For some people, inhalers are a part of everyday life. Maybe you live with a condition like asthma, making the use of a handy medicine dispenser a regular occurrence for you. You’re probably aware of how to care for your inhaler. But what about your oral health? Did you know that inhalers are known for causing a condition in your mouth called oral thrush?
That’s right. Improper inhaler technique can lead to a yeast infection in your mouth, which sounds about as appealing as “oral thrush,” also called “oral candidiasis.” Symptoms of a yeast infection in your mouth include things like an unpleasant taste or even the loss of taste altogether, a burning sensation, redness inside, and even white patches.
If you think you might have any of these symptoms, seek out your dentist as soon as possible to prevent the infection from spreading elsewhere. If caught early, treatment of the condition is usually quick and easy. Be aware that while oral thrush is not considered contagious, it can be passed back and forth between a mom and baby during breast-feeding.
How Does Using an Inhaler Lead to Oral Thrush?
Your inhaler is used to deliver a corticosteroid into your lungs via air flow through your mouth. While we’d like to imagine all the medicine goes straight to where it’s needed most, it is possible that some gets left behind. A portion of the corticosteroid can remain in your mouth on places like your tongue, cheeks, or even between your teeth.
If the medicine stays in these places for too long, you can develop a yeast infection in your mouth. The good news is that preventing oral thrush from your inhaler is pretty easy. Here are 4 things that will help:
Rinse your mouth after using an inhaler
This simple maneuver of sipping water after use can significantly decrease your risk of developing oral thrush. Flush out remaining medicine and clean away any residue left behind. Water cleanses the mouth and stimulates salivation, which is good for protecting your teeth.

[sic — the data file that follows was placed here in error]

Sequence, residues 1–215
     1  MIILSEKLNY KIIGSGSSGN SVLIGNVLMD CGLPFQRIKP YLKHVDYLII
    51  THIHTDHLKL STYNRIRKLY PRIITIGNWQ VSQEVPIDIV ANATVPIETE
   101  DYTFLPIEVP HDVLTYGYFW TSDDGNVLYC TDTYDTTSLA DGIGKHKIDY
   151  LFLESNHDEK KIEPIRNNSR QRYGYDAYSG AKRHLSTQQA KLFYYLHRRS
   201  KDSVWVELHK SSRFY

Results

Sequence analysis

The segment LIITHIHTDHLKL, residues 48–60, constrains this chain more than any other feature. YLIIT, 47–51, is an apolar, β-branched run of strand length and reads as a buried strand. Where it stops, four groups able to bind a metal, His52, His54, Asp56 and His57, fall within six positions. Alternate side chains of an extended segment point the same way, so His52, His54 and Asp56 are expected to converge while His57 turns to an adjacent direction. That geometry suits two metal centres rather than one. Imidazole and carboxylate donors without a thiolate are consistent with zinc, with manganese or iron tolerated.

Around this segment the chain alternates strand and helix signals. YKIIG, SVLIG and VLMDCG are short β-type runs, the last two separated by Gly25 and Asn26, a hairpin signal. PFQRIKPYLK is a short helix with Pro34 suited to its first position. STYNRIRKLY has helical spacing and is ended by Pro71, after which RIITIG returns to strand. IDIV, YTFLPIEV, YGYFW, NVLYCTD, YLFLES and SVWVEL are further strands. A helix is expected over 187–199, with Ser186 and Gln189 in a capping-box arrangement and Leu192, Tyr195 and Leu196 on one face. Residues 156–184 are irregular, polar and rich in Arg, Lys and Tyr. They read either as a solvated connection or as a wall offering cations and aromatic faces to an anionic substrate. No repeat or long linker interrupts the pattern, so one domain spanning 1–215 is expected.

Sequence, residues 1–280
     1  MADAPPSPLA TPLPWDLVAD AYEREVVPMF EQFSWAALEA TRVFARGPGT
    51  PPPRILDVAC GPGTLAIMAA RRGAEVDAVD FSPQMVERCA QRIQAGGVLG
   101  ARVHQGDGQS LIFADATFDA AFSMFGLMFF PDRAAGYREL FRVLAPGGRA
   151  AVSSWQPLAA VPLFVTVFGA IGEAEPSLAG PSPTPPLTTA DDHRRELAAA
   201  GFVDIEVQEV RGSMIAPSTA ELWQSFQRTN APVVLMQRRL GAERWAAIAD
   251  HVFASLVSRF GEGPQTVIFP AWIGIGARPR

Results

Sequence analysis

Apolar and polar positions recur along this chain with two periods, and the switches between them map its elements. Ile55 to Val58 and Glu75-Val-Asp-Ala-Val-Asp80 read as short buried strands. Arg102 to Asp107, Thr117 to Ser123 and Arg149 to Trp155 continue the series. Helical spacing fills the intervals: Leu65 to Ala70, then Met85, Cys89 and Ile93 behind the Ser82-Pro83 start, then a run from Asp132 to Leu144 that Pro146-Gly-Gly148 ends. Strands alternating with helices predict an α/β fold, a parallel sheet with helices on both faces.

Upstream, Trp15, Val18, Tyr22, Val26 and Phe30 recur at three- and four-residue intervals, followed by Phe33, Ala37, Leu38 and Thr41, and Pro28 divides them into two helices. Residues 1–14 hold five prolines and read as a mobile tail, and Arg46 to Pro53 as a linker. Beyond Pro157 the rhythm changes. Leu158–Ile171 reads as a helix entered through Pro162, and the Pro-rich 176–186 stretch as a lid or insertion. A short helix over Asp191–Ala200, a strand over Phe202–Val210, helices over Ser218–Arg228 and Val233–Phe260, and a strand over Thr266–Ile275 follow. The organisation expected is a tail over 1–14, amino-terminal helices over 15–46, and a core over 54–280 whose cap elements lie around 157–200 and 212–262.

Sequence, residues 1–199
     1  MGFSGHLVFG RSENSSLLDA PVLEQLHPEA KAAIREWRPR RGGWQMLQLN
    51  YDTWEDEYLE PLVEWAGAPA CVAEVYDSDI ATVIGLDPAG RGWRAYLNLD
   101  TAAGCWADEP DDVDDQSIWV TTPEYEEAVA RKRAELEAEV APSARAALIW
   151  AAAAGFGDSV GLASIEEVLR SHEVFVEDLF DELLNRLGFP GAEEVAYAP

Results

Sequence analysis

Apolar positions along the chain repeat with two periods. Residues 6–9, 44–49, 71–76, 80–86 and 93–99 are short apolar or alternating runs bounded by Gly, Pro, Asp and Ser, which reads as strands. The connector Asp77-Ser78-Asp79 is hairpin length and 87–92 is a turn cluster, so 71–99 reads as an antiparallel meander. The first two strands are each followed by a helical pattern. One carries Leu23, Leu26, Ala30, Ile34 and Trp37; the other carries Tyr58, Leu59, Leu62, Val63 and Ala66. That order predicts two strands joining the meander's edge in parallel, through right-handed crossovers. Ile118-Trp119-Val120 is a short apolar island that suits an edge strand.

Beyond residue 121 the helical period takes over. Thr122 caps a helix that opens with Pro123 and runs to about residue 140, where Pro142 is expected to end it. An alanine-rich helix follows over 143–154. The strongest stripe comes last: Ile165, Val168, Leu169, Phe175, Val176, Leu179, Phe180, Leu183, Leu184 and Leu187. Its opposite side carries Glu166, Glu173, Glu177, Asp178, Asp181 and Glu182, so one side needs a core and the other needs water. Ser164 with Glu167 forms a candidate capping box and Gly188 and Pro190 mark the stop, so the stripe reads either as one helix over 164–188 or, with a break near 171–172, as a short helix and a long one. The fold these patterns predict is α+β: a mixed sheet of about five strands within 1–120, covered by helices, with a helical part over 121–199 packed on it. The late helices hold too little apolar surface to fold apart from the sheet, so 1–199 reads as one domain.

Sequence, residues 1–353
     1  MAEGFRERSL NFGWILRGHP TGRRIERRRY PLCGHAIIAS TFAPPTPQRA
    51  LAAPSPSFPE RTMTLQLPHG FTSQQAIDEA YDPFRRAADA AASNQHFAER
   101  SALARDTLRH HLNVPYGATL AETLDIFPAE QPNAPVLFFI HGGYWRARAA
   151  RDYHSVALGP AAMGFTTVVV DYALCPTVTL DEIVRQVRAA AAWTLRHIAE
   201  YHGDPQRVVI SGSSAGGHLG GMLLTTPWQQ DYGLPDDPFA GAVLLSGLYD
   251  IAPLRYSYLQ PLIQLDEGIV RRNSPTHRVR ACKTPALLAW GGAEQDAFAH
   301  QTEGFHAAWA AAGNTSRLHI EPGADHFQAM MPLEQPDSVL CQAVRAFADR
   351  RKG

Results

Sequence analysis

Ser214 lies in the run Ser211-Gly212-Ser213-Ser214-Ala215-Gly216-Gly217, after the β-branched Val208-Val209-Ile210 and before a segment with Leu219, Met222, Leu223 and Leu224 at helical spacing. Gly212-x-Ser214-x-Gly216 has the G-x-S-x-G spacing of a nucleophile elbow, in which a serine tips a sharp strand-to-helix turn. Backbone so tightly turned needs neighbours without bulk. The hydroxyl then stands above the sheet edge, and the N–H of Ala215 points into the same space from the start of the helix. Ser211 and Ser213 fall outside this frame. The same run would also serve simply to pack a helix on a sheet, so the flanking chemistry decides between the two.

Consider a spacer
Asthma spacers are designed to assist with the application of medicine in two ways. First, they “improve hand-breath coordination.” Some users have trouble limiting their inhalation capacity or not holding their breath long enough for the medicine to work. The spacer makes this easier. Secondly, it reduces the amount of medicine deposited into the mouth.
Brush and floss regularly
Know the best way to keep unwanted debris, whether food or medicine, from getting stuck in teeth and turning into a dental issue? Routinely brush your teeth twice a day and floss at least once per day. This will ensure that there’s no plaque or other debris left to cause problems.
Visit your dentist
A trip to the dentist is about more than X-rays and cleanings. Your dentist can detect other problems like an oral thrush infection or even cancers and other concerning issues. By taking a close look in your mouth during an appointment, your dentist can become familiar with your oral health. Routine visits allow them to notice any changes or potentially harmful developments.
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